For anyone who has worked in a regulated industry or a “deskless worker” atmosphere (or both), you’ll know that using communication and collaboration tools at work can be tricky. For deskless workers like retail associates, manufacturing teams, and drivers, their day-to-day work brings them face-to-face with customers and products daily, but often they are more isolated from their coworkers and don’t have the technology tools to properly share information quickly. In regulated industries like healthcare, companies want to get their employees more connected while still adhering to the many restrictions and compliance requirements that are mandated. And, due to concerns around HIPAA and employee unions, deskless workers are sometimes seen as a riskier group to enable with company-wide communication tools.
Changing the Community Management Paradigm
Talk Social to Me has advised clients on regulatory challenges over the past 10 years and helped clients put programs in place to promote adoption of their platforms while still properly addressing these valid concerns. However, organic adoption in regulated and hourly environments can still be slow to take hold. But with the changing landscape, and the introduction of Workplace by Facebook, the time was ripe to re-invent the standard approach to community management and empower companies to approach communities with less fear.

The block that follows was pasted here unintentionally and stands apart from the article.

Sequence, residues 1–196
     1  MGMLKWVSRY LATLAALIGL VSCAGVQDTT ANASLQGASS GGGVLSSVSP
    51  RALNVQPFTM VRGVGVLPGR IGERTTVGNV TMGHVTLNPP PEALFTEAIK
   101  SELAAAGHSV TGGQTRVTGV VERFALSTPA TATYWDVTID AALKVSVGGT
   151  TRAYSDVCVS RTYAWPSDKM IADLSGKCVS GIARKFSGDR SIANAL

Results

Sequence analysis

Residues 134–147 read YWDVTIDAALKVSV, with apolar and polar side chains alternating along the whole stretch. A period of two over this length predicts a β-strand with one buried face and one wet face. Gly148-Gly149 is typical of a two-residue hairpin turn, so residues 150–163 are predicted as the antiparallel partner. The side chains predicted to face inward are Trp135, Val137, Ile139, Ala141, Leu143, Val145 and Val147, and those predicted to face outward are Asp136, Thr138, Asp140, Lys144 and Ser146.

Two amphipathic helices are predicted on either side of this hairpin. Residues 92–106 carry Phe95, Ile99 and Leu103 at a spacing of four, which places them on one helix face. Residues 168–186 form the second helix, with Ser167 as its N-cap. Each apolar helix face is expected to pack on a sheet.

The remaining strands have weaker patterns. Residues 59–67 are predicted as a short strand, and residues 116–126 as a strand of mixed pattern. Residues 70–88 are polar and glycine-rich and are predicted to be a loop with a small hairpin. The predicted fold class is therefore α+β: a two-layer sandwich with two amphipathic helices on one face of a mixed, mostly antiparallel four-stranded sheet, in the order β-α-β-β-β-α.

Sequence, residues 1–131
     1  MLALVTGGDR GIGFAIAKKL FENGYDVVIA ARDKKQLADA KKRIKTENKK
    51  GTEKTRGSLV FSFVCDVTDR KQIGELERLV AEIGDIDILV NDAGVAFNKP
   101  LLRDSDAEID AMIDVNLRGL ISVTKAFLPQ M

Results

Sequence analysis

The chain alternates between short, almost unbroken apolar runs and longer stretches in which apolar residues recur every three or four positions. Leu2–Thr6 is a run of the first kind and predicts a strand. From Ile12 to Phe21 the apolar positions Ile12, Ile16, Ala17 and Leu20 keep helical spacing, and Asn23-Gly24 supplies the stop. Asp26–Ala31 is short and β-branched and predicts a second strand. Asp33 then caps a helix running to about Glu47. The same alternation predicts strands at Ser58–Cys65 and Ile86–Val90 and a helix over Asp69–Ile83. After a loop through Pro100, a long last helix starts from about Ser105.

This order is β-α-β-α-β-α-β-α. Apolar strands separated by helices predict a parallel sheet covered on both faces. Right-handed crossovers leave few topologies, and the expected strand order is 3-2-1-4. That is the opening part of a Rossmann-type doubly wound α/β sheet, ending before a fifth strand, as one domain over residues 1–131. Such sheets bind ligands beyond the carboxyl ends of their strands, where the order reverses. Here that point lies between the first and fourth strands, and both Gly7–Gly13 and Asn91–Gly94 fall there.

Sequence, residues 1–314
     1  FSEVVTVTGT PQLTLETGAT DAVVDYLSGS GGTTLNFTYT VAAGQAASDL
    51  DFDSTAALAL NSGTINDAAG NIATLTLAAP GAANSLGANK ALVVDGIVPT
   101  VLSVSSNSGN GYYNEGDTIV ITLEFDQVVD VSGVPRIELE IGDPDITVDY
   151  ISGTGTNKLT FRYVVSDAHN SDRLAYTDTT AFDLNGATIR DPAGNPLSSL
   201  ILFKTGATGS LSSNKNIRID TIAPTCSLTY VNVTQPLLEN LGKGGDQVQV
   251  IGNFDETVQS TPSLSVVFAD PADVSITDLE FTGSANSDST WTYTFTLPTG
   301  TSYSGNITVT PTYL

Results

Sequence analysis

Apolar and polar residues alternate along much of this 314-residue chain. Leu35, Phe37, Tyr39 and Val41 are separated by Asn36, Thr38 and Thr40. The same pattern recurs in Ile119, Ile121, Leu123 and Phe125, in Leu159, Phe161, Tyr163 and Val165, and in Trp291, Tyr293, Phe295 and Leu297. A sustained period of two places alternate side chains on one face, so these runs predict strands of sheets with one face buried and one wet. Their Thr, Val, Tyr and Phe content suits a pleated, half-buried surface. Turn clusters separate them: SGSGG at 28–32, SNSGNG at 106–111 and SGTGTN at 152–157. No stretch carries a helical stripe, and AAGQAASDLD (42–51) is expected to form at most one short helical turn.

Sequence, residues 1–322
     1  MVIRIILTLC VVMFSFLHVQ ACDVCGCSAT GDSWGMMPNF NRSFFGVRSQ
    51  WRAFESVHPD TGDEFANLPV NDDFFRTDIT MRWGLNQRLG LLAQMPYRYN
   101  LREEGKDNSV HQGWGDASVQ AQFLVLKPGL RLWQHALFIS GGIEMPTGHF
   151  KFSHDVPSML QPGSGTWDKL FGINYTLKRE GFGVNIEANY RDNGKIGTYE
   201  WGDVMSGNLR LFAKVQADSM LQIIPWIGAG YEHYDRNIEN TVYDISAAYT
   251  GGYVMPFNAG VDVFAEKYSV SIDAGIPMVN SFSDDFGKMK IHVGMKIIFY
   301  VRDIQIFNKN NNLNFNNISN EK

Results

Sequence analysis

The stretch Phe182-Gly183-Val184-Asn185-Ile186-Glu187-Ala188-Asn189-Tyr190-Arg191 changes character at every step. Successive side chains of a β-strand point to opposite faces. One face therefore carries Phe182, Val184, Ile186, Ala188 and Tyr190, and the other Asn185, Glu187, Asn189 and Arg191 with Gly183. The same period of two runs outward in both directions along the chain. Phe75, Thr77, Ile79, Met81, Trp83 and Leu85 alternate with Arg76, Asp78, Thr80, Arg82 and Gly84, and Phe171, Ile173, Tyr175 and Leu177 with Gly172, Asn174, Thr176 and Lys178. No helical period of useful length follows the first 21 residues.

Introducing Elevate — Automatic Moderation, Personalized Use Case Coaching
This is why Talk Social to Me is excited to announce our partnership with ServiceRocket, a leading provider of Workplace apps and bots (in addition to other awesome collaboration apps for Atlassian). Together, we have created an accelerated adoption program aimed at highly-regulated and deskless workforce enterprise customers of Workplace by Facebook. Our program, called Elevate, is the first of its kind developed by two official Workplace deployment partners. Elevate will offer Workplace customers access to ServiceRocket’s proprietary Moderation and Insights app alongside Talk Social to Me’s consulting services for critical use cases in compliance management, employee discussion trends, and influencer coaching. Our program is designed to “elevate” the experience for companies that require keyword alerting, tighter governance, and behavioral guidance in their communication and collaboration efforts.